I have a rather trivial question. Recently I started working with log-log scales and I am confused about one thing. Suppose you have an $n$ powered function. To obtain a linear plot, you have two options:

  • (1) you could plot $log(x)$ and $log(y)$ values on the normal linear scale (aka the normal number line)
  • (2) plot them as the $x$ and $y$ values are on a log-log scale.

I have tried both methods and I have obtained the same exact plot from both of them (as expected). The only difference (as expected again) was the numbers.

So my question is this: what is the real difference between these two methods? Why do we have two methods for linearizing functions? Does the log-log scale exist only to allow us to preserve the original ($x$,$y$) values?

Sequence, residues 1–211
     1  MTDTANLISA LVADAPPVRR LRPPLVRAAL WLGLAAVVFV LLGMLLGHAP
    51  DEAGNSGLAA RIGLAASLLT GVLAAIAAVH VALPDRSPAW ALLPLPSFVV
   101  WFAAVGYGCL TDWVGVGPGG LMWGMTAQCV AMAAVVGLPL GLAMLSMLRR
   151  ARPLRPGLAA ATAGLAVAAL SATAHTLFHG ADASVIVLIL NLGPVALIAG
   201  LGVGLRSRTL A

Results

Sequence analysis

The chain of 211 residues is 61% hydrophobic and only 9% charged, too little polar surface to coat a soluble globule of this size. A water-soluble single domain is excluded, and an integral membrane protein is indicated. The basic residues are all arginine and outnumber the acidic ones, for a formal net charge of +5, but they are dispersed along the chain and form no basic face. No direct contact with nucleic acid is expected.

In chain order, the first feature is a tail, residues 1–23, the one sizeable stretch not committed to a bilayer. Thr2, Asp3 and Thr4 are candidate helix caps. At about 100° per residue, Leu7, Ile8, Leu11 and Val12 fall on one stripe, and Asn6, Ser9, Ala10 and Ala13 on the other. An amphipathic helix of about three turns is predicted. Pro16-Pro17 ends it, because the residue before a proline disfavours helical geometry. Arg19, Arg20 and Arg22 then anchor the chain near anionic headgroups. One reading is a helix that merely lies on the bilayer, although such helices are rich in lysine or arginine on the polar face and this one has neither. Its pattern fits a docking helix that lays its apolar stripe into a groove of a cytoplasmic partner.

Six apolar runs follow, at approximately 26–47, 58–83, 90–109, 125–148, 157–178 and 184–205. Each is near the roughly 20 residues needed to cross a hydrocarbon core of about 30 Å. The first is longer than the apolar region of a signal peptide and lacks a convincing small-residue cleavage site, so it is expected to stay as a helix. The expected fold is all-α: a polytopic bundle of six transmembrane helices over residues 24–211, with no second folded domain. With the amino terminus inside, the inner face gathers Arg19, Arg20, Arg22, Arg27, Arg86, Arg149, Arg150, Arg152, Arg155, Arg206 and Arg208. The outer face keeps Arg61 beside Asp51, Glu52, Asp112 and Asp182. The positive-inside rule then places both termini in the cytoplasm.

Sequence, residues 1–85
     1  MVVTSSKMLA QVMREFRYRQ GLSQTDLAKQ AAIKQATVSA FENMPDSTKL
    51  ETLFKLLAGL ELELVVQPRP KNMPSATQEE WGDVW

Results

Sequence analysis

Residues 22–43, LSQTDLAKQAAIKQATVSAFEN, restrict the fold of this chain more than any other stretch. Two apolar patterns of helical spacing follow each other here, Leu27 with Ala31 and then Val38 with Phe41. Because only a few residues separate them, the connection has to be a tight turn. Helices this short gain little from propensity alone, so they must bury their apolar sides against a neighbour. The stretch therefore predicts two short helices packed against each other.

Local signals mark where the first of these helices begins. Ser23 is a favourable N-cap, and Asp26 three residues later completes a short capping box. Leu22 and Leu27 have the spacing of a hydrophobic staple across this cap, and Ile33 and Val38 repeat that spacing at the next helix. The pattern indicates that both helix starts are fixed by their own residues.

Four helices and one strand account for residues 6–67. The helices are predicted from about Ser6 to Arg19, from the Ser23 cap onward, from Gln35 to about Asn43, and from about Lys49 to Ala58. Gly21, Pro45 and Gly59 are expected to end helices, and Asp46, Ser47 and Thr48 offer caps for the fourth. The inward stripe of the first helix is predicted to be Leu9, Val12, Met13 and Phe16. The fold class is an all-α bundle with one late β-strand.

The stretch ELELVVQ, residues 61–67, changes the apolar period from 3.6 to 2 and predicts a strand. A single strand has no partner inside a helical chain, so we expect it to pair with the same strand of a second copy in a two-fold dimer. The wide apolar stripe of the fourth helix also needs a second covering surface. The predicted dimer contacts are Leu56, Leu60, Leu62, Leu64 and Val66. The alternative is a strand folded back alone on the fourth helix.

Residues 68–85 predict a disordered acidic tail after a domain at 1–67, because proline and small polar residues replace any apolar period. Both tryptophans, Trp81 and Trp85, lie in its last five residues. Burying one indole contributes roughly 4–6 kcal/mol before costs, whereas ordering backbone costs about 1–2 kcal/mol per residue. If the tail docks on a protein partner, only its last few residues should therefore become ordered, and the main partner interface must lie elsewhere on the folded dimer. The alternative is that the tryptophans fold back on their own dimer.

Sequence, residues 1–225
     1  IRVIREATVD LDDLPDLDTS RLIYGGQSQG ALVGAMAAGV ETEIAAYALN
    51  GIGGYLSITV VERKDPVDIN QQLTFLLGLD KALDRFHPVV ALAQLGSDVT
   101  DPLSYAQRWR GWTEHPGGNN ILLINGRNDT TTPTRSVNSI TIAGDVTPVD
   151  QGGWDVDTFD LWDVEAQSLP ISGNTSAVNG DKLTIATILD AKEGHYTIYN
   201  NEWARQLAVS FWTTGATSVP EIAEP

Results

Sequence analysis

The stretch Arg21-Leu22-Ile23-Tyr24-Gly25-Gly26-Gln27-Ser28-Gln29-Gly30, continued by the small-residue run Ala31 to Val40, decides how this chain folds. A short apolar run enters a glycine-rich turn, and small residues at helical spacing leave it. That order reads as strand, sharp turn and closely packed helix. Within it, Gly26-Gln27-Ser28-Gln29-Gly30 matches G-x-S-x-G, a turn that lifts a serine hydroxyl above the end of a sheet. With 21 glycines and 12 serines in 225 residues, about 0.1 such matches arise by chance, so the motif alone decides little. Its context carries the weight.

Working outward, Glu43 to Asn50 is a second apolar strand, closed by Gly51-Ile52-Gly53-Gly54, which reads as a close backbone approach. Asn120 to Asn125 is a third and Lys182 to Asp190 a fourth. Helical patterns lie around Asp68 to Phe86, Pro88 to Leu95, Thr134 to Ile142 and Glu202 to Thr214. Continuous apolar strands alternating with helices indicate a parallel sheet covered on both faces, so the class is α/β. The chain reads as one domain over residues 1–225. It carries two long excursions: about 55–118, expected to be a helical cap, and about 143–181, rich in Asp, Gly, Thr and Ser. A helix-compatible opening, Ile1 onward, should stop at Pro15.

1 Answer 1


The point of plotting the stuff on the log scale on both $x$ and $y$ is that, as you mentioned, the original $(x,y)$ values are preserved, and that you can quickly look to see if the data follows a power law distribution if the plot is approximately linear. Plotting the data on the log-log scale is preferred.


Your Answer

By clicking “Post Your Answer”, you agree to our terms of service, privacy policy and cookie policy

Not the answer you're looking for? Browse other questions tagged or ask your own question.